The past few weeks have been a little bit low for me, mentally. Not because of anything going on (though there have been some doozies), but because the mind does what the mind does. Once I realized what was happening, I tried to make some adjustments to compensate, and one of them included a social media vacation. It probably should have happened about three weeks earlier than it did, but… retrospect, right?
See, socia media is great. It helps you keep in touch with friends, it helps you store memories of your life… but it also puts you in the mindset that nothing in your life is important unless shared. This is especially dangerous if you’re not feeling your best, because then you look to the reactions of others for a self esteem boost or a reason to get through the day.
I hate that feeling. And I hated that I could see myself posting more and more on social media, like I was fishing for a sense of worth. When something happened in my life, I would think, I should take a picture to post to Instagram. Or, that’s a funny quote, I should post it to Twitter (Twitter: the one social media that I literally just use to throw things out into the ether, and not actually keep up with friends. It’s like a weird, open, snippet-journal, while everyone else just talks shit about politics on it). I haven’t taken a photo of something because I liked the image (and didn’t just want to share it with someone else) in years. That sunset? Real pretty, I want others to see it. That weird sign? That made me laugh, I bet it would make other people laugh. It was always partially about saving the memory, but it was mostly about making that memory public. I was no longer making memories for myself.
So I wanted to distance myself from that, and spend a week trying to break apart from that idea. It clearly would take more than a week to actually retrain my mind, but it was a start. I removed all the apps from my phone so as to remove temptation, and I went about my business.
And then a million things happened this week, things that I wanted to share. But I didn’t.
So now I’ll share my week with you all, like the needy little storyteller that I am.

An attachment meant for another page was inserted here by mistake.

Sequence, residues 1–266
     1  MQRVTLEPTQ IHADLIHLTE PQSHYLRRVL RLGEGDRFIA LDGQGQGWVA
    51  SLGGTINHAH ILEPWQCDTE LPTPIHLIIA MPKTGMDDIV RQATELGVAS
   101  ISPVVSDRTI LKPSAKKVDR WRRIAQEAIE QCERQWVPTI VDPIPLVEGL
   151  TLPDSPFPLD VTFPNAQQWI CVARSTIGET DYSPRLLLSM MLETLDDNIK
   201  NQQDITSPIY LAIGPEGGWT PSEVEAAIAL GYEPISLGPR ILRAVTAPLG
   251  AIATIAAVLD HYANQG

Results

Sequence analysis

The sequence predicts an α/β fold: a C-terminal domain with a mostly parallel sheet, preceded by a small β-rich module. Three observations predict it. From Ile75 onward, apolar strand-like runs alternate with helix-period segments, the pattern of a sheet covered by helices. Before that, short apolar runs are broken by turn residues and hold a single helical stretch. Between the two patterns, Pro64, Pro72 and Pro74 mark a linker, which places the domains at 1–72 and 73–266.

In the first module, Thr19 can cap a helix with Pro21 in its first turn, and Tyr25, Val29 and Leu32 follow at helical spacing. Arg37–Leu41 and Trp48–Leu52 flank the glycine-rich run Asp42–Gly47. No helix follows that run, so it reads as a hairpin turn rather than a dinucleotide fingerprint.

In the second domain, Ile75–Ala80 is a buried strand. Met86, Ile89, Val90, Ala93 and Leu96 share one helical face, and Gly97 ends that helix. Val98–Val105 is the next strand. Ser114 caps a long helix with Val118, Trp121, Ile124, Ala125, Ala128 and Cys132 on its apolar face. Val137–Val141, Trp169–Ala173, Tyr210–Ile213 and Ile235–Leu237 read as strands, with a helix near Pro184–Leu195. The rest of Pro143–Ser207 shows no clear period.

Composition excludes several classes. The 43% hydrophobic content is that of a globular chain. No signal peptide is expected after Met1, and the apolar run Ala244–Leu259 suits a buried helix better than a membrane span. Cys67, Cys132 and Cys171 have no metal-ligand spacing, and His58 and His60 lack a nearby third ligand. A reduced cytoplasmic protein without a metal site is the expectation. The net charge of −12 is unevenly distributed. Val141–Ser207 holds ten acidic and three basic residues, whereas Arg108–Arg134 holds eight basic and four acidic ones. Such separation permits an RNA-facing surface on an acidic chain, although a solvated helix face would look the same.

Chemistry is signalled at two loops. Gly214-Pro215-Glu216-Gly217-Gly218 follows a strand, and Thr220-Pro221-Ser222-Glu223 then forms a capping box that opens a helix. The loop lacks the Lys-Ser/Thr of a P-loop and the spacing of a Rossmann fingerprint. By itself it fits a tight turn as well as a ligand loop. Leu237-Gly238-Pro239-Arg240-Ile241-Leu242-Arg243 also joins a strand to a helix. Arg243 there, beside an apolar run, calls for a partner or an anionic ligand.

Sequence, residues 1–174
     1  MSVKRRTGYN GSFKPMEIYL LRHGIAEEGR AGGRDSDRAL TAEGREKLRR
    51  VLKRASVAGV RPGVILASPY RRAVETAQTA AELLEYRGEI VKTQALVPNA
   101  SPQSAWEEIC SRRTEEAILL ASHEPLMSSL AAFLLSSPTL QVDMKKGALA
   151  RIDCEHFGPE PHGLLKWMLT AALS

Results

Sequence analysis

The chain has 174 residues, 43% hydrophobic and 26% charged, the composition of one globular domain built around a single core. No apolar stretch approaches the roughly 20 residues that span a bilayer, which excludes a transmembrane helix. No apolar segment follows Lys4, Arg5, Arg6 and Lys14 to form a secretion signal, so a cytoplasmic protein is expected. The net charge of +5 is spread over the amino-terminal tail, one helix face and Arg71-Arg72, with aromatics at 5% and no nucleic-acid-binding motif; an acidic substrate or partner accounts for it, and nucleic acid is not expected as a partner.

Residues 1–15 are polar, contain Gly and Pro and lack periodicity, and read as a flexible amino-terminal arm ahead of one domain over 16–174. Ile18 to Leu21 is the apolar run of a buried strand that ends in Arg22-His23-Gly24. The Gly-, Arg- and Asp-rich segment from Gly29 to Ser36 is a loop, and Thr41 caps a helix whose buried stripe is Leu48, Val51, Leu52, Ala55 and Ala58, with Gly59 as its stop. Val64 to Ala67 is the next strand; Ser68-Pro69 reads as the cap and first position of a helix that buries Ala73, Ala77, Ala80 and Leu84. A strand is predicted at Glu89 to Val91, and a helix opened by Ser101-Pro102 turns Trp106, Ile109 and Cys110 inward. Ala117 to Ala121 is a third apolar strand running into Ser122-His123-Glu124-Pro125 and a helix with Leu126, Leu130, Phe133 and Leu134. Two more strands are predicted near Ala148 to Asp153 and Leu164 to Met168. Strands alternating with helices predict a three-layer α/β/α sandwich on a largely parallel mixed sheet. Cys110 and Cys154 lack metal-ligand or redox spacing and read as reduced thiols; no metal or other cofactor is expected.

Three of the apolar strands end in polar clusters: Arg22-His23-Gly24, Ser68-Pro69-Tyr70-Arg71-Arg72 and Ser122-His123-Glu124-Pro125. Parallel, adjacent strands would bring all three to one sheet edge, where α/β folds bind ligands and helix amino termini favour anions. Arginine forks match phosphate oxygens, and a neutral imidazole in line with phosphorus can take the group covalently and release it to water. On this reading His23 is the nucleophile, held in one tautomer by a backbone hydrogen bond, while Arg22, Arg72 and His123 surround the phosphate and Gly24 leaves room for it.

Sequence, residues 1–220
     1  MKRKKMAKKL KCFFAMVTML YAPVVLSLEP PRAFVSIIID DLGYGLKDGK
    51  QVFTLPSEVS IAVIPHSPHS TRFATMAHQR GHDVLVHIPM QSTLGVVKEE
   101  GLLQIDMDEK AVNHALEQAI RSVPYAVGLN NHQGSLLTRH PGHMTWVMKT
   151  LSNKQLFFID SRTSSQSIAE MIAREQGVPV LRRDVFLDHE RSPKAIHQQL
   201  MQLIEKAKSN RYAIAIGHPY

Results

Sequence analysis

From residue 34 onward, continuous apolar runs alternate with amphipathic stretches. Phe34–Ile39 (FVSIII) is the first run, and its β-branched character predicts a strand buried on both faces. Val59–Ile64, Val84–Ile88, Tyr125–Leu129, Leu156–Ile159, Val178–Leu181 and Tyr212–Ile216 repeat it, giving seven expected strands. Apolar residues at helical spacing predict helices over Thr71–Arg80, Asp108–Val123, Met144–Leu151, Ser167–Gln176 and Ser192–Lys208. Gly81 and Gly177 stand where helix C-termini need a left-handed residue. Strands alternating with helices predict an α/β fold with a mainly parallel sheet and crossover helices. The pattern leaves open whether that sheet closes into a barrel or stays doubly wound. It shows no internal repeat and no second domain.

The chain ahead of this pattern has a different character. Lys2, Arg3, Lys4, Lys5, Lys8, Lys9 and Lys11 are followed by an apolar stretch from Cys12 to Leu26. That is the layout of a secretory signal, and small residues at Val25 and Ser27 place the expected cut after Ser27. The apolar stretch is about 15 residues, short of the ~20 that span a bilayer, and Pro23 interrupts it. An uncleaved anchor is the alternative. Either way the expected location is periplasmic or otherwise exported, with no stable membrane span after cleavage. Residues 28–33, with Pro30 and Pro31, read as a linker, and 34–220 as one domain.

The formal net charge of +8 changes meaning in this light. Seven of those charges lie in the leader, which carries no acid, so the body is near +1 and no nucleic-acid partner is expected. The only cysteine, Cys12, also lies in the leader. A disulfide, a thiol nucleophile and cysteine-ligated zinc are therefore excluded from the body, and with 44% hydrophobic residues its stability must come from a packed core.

This week, I went to Philly for a conference for Art House Convergence. I’ve gone to the bigger-scale version of this conference for the past two years in January, but this was just regional. Still every bit as terrifying when it comes to networking, however — if not more so, because of the place that I am at right now. At the end of the first day, there was a cocktail hour in which all of the attendees stood in what I’m sure was considered to be a large room but felt, to me, more increasingly like a closet as the minutes ticked by. As Adam, the God of Networking, talked and laughed and shot the shit with person after person, I stood awkwardly at his shoulder and fought back tears. I tried to make small talk with a man who was waiting to talk to Adam (yes, a line formed at one point), but it’s hard to talk about normal things when there’s a lump in your throat and your chest is constricted, so I mostly smiled and nodded. The man was awkward too, so in retrospect I don’t feel quite so awful about that interaction.
I think I’ve made a reputation for myself at these conferences for not being able to talk properly. There are two other art house cinemas in neighboring towns to Harrisburg, and the core staff gets together every few months or so to hang out (and by core staff, I mean Adam hangs out with them). I have interacted with them a handful of times, but, because I only see them every once in a while, my interactions are usually just (again) standing next to Adam and smiling and listening to the conversation that is happening.
I have played Adam’s shadow many a time, and I think (no — I know) that it drives him nuts. A perfectly iconic moment presented itself this week to really symbolize that awkwardness: after one of the sessions, I walked out of the theater and found Adam and Nate, one of the staff from the neighboring cinemas, talking, and I joined them. After maybe about thirty seconds, Adam excused himself to go to the bathroom, and in the split second that I realized this was my time to shine and make small talk, Nate turned, said, “See you later,” and walked away. I have trained people to avoid being in a one-on-one conversation with me.
That’s my own fault, really. My shyness is the reason that everyone used to call me an introvert. It’s hard for my personality to come forth without feeling one hundred percent comfortable, something that has been to my discredit many a time when people have assumed I haven’t been having fun but I just haven’t adapted to the company yet. And especially if I don’t see the person that often, I may feel that I’m beginning to connect, but they may feel the complete opposite because my body doesn’t relay that connection properly. How should they know? They only ever see that one side of me.